LASHKAR GAH, Afghanistan (Reuters) - Afghan special forces have freed more than 60 prisoners held by the Taliban in a house in the southern province of Helmand, officials said on Friday.
During months of fighting, the Taliban have seized control of large parts of Helmand and driven government forces from several districts.
In a nighttime helicopter raid, counter-terrorism operators and special forces based in the neighbouring province of Kandahar attacked the house in Naw Zad district and freed the prisoners, according to a statement from NATO's Resolute Support mission in Kabul.
It said coalition forces supported the raid as part of their train, advise and assist mission but gave no details.
At least two insurgents were killed and several were wounded or detained.
The governor of the southern province, Hayatullah Hayat, said the prisoners released during the raid had been taken to Kandahar.
"We are still investigating as to who these people are and how long they were kept there," he said.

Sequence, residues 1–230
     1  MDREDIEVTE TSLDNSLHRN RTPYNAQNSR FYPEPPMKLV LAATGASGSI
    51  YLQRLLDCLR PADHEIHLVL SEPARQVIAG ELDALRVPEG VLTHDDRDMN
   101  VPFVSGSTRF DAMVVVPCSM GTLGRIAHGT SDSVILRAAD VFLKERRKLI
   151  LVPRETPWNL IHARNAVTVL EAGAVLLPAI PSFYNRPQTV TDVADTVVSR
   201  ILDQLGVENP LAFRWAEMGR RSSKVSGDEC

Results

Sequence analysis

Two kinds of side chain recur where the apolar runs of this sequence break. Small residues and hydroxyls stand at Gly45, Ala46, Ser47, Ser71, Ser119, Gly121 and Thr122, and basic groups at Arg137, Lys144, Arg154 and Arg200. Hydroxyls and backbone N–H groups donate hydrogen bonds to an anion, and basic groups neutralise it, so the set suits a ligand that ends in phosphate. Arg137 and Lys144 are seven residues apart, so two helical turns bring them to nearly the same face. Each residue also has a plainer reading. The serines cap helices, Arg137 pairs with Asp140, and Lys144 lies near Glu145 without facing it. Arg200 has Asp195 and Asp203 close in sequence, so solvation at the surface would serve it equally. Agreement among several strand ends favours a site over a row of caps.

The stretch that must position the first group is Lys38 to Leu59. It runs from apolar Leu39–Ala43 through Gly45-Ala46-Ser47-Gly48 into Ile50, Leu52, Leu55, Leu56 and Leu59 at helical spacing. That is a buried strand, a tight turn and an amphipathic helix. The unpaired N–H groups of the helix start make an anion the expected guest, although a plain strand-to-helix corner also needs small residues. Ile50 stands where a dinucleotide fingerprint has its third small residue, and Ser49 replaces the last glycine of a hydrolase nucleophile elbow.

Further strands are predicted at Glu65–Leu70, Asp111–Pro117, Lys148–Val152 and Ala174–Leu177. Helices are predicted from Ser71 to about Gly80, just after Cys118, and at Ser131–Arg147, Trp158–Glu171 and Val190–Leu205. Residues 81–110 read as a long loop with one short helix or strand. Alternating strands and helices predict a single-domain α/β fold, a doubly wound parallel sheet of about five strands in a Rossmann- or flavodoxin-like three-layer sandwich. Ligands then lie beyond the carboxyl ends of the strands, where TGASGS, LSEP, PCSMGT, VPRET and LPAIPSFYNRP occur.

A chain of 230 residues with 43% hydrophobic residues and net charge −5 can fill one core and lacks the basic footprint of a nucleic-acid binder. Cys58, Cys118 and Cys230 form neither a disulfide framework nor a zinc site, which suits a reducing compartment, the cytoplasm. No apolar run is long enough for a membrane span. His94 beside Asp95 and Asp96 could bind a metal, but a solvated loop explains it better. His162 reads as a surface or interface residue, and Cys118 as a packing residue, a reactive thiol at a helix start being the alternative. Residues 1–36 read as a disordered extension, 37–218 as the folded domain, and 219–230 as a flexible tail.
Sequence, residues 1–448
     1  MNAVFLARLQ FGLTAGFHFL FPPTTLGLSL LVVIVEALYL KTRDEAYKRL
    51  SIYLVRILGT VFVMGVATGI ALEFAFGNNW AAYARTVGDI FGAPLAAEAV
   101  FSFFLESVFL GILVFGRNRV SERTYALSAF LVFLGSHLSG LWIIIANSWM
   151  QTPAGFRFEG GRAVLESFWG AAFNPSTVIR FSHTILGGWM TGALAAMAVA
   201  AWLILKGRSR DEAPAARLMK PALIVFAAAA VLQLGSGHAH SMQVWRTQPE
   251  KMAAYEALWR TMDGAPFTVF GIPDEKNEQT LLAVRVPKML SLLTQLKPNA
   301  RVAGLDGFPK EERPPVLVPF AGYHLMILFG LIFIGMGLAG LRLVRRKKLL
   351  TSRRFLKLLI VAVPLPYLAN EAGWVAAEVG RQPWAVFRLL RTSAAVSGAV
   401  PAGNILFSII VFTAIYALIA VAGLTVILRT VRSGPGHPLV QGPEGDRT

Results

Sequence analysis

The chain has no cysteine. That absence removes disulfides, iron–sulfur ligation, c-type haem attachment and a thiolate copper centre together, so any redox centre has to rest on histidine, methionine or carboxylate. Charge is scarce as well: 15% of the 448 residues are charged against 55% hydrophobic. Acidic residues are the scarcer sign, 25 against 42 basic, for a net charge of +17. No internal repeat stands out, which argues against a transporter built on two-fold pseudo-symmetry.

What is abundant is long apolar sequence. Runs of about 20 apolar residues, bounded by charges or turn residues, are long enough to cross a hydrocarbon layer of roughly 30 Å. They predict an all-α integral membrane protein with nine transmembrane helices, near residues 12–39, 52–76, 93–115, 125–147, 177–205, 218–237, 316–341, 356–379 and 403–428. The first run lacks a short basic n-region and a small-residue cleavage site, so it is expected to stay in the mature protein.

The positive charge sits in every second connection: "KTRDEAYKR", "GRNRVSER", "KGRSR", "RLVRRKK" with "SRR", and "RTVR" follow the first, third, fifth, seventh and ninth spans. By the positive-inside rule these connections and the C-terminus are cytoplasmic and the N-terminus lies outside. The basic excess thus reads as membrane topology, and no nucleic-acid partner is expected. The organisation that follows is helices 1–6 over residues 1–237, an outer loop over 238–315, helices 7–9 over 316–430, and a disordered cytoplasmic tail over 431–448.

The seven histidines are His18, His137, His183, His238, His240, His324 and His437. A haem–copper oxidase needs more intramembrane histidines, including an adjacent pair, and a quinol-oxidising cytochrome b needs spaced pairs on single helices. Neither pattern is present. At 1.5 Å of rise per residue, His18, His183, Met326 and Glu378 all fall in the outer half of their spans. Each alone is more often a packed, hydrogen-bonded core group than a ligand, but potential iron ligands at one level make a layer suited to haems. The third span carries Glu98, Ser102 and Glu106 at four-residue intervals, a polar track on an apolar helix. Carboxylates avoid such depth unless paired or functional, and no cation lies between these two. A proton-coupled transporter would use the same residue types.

The Taliban insurgency has gained strength since the withdrawal of international troops from combat at the end of 2014, with the militants stronger now than any point since they were driven from power by U.S.-backed forces in late 2001.
However, fighting has eased recently, partly because the annual opium harvest has meant that many fighters have been employed in the fields of Helmand, where the largest share of Afghanistan's poppies are grown.
Resolute Support spokesman General Charles Cleveland told reporters on Thursday that commanders expect the fighting to pick up as the harvest is completed over the next few days.
(Reporting by Mohammad Stanekzai; Writing by James Mackenzie; Editing by Nick Macfie)